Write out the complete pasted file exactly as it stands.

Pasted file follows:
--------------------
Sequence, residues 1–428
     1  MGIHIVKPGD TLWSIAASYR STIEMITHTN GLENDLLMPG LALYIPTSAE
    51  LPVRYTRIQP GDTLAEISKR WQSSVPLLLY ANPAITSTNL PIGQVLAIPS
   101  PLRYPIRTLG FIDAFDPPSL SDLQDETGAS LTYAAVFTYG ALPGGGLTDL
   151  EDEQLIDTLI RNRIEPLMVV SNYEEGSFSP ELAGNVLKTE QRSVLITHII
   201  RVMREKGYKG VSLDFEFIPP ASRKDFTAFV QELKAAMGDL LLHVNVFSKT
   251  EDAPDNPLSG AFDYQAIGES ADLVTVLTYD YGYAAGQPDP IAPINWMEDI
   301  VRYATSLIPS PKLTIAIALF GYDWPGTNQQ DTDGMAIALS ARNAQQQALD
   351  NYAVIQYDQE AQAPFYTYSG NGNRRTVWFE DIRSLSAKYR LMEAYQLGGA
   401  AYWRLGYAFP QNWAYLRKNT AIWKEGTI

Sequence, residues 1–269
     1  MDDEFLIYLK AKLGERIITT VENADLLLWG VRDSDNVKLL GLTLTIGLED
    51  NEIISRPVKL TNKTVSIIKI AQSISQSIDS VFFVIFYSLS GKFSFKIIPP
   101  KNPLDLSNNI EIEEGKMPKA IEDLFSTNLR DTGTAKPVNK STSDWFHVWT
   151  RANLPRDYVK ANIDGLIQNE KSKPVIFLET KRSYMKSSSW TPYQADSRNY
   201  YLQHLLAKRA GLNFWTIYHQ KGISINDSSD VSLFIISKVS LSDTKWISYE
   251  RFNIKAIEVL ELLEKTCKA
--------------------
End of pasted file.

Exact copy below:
Sequence, residues 1–428
     1  MGIHIVKPGD TLWSIAASYR STIEMITHTN GLENDLLMPG LALYIPTSAE
    51  LPVRYTRIQP GDTLAEISKR WQSSVPLLLY ANPAITSTNL PIGQVLAIPS
   101  PLRYPIRTLG FIDAFDPPSL SDLQDETGAS LTYAAVFTYG ALPGGGLTDL
   151  EDEQLIDTLI RNRIEPLMVV SNYEEGSFSP ELAGNVLKTE QRSVLITHII
   201  RVMREKGYKG VSLDFEFIPP ASRKDFTAFV QELKAAMGDL LLHVNVFSKT
   251  EDAPDNPLSG AFDYQAIGES ADLVTVLTYD YGYAAGQPDP IAPINWMEDI
   301  VRYATSLIPS PKLTIAIALF GYDWPGTNQQ DTDGMAIALS ARNAQQQALD
   351  NYAVIQYDQE AQAPFYTYSG NGNRRTVWFE DIRSLSAKYR LMEAYQLGGA
   401  AYWRLGYAFP QNWAYLRKNT AIWKEGTI

Sequence, residues 1–269
     1  MDDEFLIYLK AKLGERIITT VENADLLLWG VRDSDNVKLL GLTLTIGLED
    51  NEIISRPVKL TNKTVSIIKI AQSISQSIDS VFFVIFYSLS GKFSFKIIPP
   101  KNPLDLSNNI EIEEGKMPKA IEDLFSTNLR DTGTAKPVNK STSDWFHVWT
   151  RANLPRDYVK ANIDGLIQNE KSKPVIFLET KRSYMKSSSW TPYQADSRNY
   201  YLQHLLAKRA GLNFWTIYHQ KGISINDSSD VSLFIISKVS LSDTKWISYE
   251  RFNIKAIEVL ELLEKTCKA